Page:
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Lithgow: Artist shines light on Royal tour


Lost Bear Gallery director Geoff White adjusts the lighting on a Warwick Fuller artwork

By Ellen Hill for Lost Bear Gallery               Photos: David Hill

Experience the recent Australian tour of His Royal Highness the Prince of Wales and Her Royal Highness the Duchess of Cornwall through the eyes of official tour artist Warwick Fuller in Katoomba next month.


Plein air artist Warwick Fuller at work

A dozen works painted by the Blue Mountains artist during the November tour will be exhibited at Lost Bear Gallery from February 1 to 15. The non-commercial exhibition will be an opportunity for art lovers to view Fuller’s paintings before they leave Australia.

The works depict scenes captured by the respected plein air painter when the Royal couple visited Tanunda near Adelaide, the national War Memorial in Canberra for the Remembrance Day ceremony and Sydney, where Fuller painted the world-famous Sydney Harbour featuring the Harbour Bridge and Sydney Opera House as seen from Admiralty House.

An accomplished watercolourist himself, The Prince often chooses an artist to join him on tours as a way of supporting the arts and in appreciation of the unique perspective that an artist can provide.

The Prince’s 15th trip to Australia was Fuller’s second as the official tour artist for the Royal couple. His first invitation was in November 2012.

Fuller was not fazed by the unrelenting pace of the tour and, true to his usual practice, worked at a furious pace to complete each piece onsite.

It doesn’t matter whether you’re painting a cloud, a wave or the wind in the trees, there’s always something happening fast,’’ he said.But what pushes me to paint quickly is the changing light. More importantly, I’m trying to paint while I’m still in the zone of the initial inspiration.’’

However, Fuller was free to paint the subjects and in the style he wanted.

“That’s the beautiful part about it, there was no expectation. His Royal Highness asked me to go on tour with him because he liked my work and knew what I painted, and that’s the last thing he asked.’’

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Respected Australian landscape painter Warwick Fuller

While he only had two opportunities to talk with the Prince, the second occasion at Admiralty House in Sydney was a lengthy 15 minutes, during which Prince Charles talked about artist Edward Seago, who he met as a child and who toured with his father the Duke of Edinburgh to Antarctica on the Britannia.

The pair were then joined by the Duchess and chatted for a further 10 minutes about Fuller’s artworks he had produced during the tour.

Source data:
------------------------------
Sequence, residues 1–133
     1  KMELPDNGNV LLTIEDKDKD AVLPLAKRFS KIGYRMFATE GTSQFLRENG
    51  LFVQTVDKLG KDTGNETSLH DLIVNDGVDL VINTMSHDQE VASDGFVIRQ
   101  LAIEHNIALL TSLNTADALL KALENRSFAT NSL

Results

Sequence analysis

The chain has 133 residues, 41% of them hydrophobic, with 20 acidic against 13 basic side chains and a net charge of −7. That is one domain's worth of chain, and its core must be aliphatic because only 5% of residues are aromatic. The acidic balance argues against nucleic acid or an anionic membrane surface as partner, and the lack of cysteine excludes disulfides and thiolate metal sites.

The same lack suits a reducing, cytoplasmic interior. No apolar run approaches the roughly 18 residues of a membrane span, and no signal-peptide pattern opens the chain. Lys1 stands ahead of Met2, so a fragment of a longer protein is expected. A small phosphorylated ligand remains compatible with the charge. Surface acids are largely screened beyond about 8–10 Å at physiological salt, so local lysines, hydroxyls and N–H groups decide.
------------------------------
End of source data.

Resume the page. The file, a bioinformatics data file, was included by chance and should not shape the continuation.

While the Prince will formally exercise his right to first option to the paintings, the Royal couple has already expressed interest in several.

“He was very enthusiastic about the work,’’ Fuller said.

Paintings acquired by the Prince will become part of the Royal Collection when he ascends the throne. Fuller will also gift Prince Charles a work.


Warwick Fuller and his dog Digger

Artworks produced during the Royal tour will form a special exhibition at Lost Bear Gallery, along with several larger works developed from smaller studies painted on tour.

A Fellow of the Royal Arts Society, Warwick Fuller has painted the majestic Australian landscape for more than 35 years, during which time he has built a solid reputation through more than 60 solo exhibitions and numerous awards and accolades.

His techniques are unmistakable in portraying the vibrancy and energy of nature, of tapping into his own subconsciousness and releasing his life experience onto canvass with the confidence of a mature artist who has earned his success.

Warwick Fuller’s Royal tour collection will be displayed at Lost Bear Gallery, 98 Lurline St, Katoomba, from 10am to 5pm daily from February 1 to 15. Fuller will talk about his tour experiences at 3pm on Saturday, February 6. Details: (02) 4782 1220 or

Lost Bear Gallery and Warwick Fuller are commercial clients of Deep Hill Media and Headline Publicity


One of the artworks painted during the Royal tour

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Norman Lindsay Gallery, Faulconbridge.

Mountain biking on the Oaks track between Glenbrook and Woodford.

The old Lucasville Station platform and stairs on the Lapstone Zig Zag track.

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